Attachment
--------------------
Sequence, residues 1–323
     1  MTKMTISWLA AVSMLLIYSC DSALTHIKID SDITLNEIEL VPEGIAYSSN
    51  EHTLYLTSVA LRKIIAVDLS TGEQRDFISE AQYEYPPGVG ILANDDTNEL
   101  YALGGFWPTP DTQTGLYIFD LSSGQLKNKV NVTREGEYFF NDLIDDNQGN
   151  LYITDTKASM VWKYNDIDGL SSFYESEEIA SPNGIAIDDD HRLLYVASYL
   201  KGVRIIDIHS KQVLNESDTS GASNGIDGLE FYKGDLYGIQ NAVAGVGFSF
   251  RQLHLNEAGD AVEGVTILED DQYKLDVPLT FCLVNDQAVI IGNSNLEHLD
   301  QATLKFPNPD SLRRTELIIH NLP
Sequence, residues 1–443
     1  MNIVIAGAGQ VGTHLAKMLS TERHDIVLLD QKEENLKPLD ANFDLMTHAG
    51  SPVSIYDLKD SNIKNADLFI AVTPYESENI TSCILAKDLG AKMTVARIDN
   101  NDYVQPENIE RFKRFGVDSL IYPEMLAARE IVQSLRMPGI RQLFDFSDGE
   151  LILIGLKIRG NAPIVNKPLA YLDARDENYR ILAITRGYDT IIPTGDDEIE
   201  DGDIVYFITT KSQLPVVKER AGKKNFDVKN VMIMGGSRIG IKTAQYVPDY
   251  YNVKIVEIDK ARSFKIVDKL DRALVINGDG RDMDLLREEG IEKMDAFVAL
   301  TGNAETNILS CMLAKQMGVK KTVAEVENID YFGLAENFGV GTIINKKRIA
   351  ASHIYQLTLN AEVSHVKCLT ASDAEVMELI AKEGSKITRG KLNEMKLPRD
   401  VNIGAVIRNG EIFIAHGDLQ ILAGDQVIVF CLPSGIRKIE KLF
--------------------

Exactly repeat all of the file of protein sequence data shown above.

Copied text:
Sequence, residues 1–323
     1  MTKMTISWLA AVSMLLIYSC DSALTHIKID SDITLNEIEL VPEGIAYSSN
    51  EHTLYLTSVA LRKIIAVDLS TGEQRDFISE AQYEYPPGVG ILANDDTNEL
   101  YALGGFWPTP DTQTGLYIFD LSSGQLKNKV NVTREGEYFF NDLIDDNQGN
   151  LYITDTKASM VWKYNDIDGL SSFYESEEIA SPNGIAIDDD HRLLYVASYL
   201  KGVRIIDIHS KQVLNESDTS GASNGIDGLE FYKGDLYGIQ NAVAGVGFSF
   251  RQLHLNEAGD AVEGVTILED DQYKLDVPLT FCLVNDQAVI IGNSNLEHLD
   301  QATLKFPNPD SLRRTELIIH NLP
Sequence, residues 1–443
     1  MNIVIAGAGQ VGTHLAKMLS TERHDIVLLD QKEENLKPLD ANFDLMTHAG
    51  SPVSIYDLKD SNIKNADLFI AVTPYESENI TSCILAKDLG AKMTVARIDN
   101  NDYVQPENIE RFKRFGVDSL IYPEMLAARE IVQSLRMPGI RQLFDFSDGE
   151  LILIGLKIRG NAPIVNKPLA YLDARDENYR ILAITRGYDT IIPTGDDEIE
   201  DGDIVYFITT KSQLPVVKER AGKKNFDVKN VMIMGGSRIG IKTAQYVPDY
   251  YNVKIVEIDK ARSFKIVDKL DRALVINGDG RDMDLLREEG IEKMDAFVAL
   301  TGNAETNILS CMLAKQMGVK KTVAEVENID YFGLAENFGV GTIINKKRIA
   351  ASHIYQLTLN AEVSHVKCLT ASDAEVMELI AKEGSKITRG KLNEMKLPRD
   401  VNIGAVIRNG EIFIAHGDLQ ILAGDQVIVF CLPSGIRKIE KLF